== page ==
“Remember, this was probably the best team Carlsbad ever had,” says Marty Saiz, an insurance agent from Albuquerque who is writing a book about the history of high school basketball in New Mexico. . “They had the great Ben Monroe, the future Lobo 6-3 or 6-4. St. Mike’s had no reason to win this game.
Consider that the state tournament only included two rankings from 1954 to 1963. Schools with more than 500 students were designated for class A, and everyone else was in class B.
Enrollment at St. Michael was just over 500, thanks to a K-12 program.
“We entered this tournament with maybe a third of the student body from schools like Sandia, but our 500 was much smaller when you think about the number of elementary kids we had,” says Arias.
Part of Saiz’s book chronicles the 1962 tournament, a tournament filled with upheaval, overflowing crowds at Johnson Gym and an inevitable buzz generated by the Midgets.
Three-time defending state champion Las Cruces, coached by future college hall of famer Lou Henson, lost to Valley in the first round while Hobbs was shocked by Cobre.
Even Santa Fe High had fun. Coached by Salvador Perez, the Demons and future University of New Mexico quarterback Stan Quintana were eliminated by Sandia in the quarterfinals.
Saiz compares the St. Mike’s-Sandia tilt to some of the greatest prep games New Mexico has ever seen, like the 1999 final that featured undefeated big schools Hobbs and Albuquerque La Cueva and the title game. of 1981 between the undefeated Hobbs and coach Ralph Tasker against a one loss at Albuquerque High and coach Jim Hulsman. He also mentions, to name a few, the 2012 5A final which pitted future college players Bryce Alford (La Cueva) against Cullen Neal (Albuquerque Eldorado).
The Midgets upset Valley in the semifinals before meeting Sandia and a roster that included future NBA player Gary Suiter and 6-foot-7 college prospect Lou Baudoin. Baudoin won a national title four years later with the legendary Texas Western team coached by Don Haskins. He was also portrayed as a supporting character in the 2006 film road to glorywhich tells the story of this team.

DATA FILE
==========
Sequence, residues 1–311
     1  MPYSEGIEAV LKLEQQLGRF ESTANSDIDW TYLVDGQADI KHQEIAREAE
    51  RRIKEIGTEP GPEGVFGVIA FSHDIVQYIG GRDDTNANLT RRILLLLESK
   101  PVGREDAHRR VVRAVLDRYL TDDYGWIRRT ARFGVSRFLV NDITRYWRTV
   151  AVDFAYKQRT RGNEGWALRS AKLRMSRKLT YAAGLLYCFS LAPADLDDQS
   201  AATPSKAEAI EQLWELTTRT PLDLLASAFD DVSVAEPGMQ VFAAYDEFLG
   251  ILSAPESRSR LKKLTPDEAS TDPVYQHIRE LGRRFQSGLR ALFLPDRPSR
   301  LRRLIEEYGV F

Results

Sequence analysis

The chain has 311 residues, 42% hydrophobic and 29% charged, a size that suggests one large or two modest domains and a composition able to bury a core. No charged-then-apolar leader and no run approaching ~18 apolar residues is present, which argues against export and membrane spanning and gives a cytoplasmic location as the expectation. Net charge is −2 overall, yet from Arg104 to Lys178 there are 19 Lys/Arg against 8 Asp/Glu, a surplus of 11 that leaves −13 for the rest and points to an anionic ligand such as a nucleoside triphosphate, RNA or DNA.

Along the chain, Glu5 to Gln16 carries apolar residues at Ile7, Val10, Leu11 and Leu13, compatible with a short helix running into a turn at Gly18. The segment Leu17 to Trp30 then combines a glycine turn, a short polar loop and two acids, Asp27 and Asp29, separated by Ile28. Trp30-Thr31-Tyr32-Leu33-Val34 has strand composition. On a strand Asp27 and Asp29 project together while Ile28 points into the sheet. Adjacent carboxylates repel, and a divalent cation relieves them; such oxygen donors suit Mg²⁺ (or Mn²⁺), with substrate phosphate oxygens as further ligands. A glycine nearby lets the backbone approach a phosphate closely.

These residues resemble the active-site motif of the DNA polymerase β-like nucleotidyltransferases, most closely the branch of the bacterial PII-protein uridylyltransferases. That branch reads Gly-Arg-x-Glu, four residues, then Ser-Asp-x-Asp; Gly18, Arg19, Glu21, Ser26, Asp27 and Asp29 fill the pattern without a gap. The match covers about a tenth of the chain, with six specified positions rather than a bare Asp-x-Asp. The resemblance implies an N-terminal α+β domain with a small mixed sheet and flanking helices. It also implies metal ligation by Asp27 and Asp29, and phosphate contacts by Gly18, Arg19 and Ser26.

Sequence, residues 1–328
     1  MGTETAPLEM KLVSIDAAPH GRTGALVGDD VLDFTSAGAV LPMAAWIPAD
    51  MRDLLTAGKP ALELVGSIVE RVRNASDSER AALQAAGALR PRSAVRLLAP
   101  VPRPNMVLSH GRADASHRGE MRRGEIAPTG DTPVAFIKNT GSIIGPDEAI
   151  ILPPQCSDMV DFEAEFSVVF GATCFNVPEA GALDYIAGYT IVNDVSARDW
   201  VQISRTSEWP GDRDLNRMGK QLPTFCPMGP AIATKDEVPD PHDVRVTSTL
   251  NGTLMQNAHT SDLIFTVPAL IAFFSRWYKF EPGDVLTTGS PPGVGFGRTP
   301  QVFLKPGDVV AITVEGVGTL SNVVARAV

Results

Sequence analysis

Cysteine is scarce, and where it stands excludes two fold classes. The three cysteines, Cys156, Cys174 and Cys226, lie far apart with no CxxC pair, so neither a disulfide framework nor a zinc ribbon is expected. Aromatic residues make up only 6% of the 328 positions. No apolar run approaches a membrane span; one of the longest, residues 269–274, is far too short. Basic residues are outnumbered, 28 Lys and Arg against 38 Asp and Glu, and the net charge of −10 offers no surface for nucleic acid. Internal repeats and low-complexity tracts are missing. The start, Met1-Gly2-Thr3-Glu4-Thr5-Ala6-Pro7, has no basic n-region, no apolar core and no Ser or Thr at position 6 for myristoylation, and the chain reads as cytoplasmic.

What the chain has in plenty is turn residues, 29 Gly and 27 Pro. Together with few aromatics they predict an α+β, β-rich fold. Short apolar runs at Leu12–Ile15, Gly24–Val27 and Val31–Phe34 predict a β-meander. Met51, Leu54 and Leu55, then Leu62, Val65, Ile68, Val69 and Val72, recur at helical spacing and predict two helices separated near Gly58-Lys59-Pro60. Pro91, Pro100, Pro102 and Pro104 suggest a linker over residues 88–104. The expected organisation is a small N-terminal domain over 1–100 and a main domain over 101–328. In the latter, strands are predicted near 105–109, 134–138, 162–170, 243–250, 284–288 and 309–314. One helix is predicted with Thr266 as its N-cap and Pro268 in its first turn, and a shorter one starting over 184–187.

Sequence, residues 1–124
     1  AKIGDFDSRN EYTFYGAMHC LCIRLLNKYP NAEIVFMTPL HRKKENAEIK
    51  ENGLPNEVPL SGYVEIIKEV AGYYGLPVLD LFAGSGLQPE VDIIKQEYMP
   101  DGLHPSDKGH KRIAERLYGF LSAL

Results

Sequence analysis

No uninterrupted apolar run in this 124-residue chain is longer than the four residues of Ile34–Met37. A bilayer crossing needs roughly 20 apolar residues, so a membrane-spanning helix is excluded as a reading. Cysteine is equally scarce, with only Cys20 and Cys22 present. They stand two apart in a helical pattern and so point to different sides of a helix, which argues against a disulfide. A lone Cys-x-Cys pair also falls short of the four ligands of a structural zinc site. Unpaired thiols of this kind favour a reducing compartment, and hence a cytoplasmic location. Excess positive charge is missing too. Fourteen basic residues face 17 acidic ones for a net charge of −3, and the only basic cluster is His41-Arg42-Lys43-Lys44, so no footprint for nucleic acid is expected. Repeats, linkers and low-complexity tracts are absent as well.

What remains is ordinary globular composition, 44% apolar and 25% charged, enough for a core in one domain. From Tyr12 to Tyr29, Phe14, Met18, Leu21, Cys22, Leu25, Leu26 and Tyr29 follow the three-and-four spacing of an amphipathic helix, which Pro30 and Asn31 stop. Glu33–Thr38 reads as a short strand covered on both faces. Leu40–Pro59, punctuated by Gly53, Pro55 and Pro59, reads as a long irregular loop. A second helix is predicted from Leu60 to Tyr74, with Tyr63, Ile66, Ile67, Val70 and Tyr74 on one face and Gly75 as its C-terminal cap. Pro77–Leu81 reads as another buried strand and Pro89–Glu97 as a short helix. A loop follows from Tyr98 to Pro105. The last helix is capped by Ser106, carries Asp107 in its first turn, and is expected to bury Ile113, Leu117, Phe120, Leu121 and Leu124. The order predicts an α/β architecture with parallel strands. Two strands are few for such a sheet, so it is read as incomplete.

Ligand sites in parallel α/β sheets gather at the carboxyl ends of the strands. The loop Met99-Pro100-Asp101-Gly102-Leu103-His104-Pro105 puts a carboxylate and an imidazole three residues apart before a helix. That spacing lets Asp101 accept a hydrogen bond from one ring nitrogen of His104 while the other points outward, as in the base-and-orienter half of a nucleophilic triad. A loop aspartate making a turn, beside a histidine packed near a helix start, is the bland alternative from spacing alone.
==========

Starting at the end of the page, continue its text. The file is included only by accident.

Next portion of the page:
Suiter played one season in the NBA with the Cleveland Cavaliers, but he, like a number of other players on that team, has since passed away. That list includes Jimmy Pappan, a 5-9 guard whose 20-foot jumper with seven seconds left proved to be the game-winner. It turned out to be his only field goal of the entire tournament.
“It was one of those hits where everyone on our side was, like, ‘No, no, no…yes!’ joked Baudoin. “Jimmy and I had only one job the whole game: to get the ball in half court and toss it to Gary. Jimmy’s job wasn’t to shoot the ball with seven seconds left.
Midget elder Ray Sanchez had a chance to tie the game at the buzzer, but his last-second shot just inside the free-throw line bounced off the iron. He broke the hearts of an entire city but, even in defeat, forever etched the team in their memories.
“For a few years, people stopped [us] down the street and say, “Hey, you were one of the Midgets,” Trujillo says. “Such a good feeling.”
The 1962 final went exactly as one would expect. Suiter had an incredible game with 24 points and 34 rebounds – eight more than the Horsemen as a team. Baudoin shot 9 for 11, finishing with 22 points and 10 rebounds, but the Midgets’ quickness nearly exposed a fatal flaw in the Matadors. St. Mike’s forced more than three dozen turnovers, many of which helped erase a 15-point deficit.
Fernandez had 22 points to lead the Midgets while smooth shooting Gil Gutierrez had 17 and Sanchez 14.
A retired teacher at Albuquerque Academy, Baudoin lives in Corrales and still keeps in touch with a number of Midgets. When he revisits his earliest memories of that 1962 tournament, he can only laugh at his first impression of what was to come.
“First let me say this: they were the toughest team we’ve seen and they just ran and pressed like nobody we played with,” Baudoin said. “But they didn’t really strike you as typical basketball players. Some of these guys, their shooting style was like something you would find in a guy off the court. They didn’t really have that classic style but, yeah, they could play. And their trainer, the man was a genius.
A few years ago, the Midgets hosted a reunion to help raise money for a scholarship named after Dick Shelley. The Horsemen will go on six more trips to the final before the decade is out, winning three. Shelley died in 1967 at the age of 39.
Honoring their coach, someone found the original TV footage of that Sandia match and edited out the final seconds to make it look like the Horsemen had won, that the trophy was theirs.
As fun as it is to dream of a different outcome, the man known as ‘Freight Train Fernandez’ suggested the Midgets were okay with their story.
“We’ve been through a lot together, but I don’t think we would change anything,” he says.
And a city that still retains the team’s legendary status wouldn’t either.